Short of good news ever since the end of the formal war, Bush and Blair are naturally exultant that Saddam's sons, Uday and Qusay, have been satisfactorily incinerated in Mosul, presumably victims of someone eager to collar the $30 million reward for turning them in.
But though Saddam's sons deserve everything they got, and more, the news of their demise should not be cause for great rejoicing in the White House and 10 Downing Street. In the event that Saddam soon follows his sons into the Great Hereafter, that would not, in anything other than the short term, be great news for Bush and Blair either.
For obvious reasons, Bush and his entourage have been eager to identify Saddam, Uday and Qusay as the instigators of the attacks on the US and UK occupying forces, with attendant steady, demoralizing trickle of casualties.
To suggest otherwise would be to concede that there might be long-term, organized opposition to the Allied occupation which has less to do with Saddam Hussein and his clan, and more with nationalist, or Islamic/nationalist opposition to the invaders.
The fact that Uday and Qusay were holed up in the house of a relative scarcely suggests that they had elaborate flight plans, replete with secret command bunkers, prepared in advance of the US/UK invasion. It looks as though, like many others suddenly on the run, the only plan they could come up with was a desperate rap on the door of a family friend.
With his epic record of blunders and miscalculations we're probably safe in assuming Saddam wasn't much better prepared. All those elaborate scenarios about ratlines to Russia or even nearby Syria were so much hooey. So in the end the huge reward for Saddam will weigh heavier than loyalty or fear and he'll end up dead too.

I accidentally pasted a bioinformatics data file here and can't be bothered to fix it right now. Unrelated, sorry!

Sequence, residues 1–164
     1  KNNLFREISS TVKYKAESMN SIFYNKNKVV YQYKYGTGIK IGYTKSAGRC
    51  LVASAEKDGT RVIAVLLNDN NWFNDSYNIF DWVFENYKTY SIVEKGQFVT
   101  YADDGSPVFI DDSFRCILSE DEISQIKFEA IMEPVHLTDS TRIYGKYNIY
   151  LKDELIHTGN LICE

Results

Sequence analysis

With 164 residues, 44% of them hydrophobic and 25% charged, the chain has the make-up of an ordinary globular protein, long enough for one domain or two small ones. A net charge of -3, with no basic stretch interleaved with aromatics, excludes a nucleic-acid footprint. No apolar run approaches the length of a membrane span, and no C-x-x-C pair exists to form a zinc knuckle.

With Uday and Qusay finished off, Bush may enjoy a short-term uptick on the polls. Maybe the attacks on US and UK troops will slow, but they certainly won't stop and in the medium term they'll probably increase.
Remember, many Iraqis saw the only virtue of the invasion as the end of a hated regime. If Saddam gets nailed too, that fear will finally dissipate and then more Iraqis will focus on the business of driving the Americans and the British out of their country. More US and British troops will get killed, but the rationale that this is the last ditch resistance of the cornered Saddam clan will have disappeared.
It's a cynical proposition, but Bush and Blair will be much better off if Saddam is not run to earth, at least until some advanced point in next year's presidential campaign season.
Even the killing of Uday and Qusay won't help much in the steady erosion in both Bush and Blair's popularity, because of the reasons for their slump. They stitched together a handsome patchwork of lies about Saddam's Weapons of Mass Destruction and that patchwork has fallen apart. No amount of grandstanding by Blair in Congress about the absolutions of history alters that.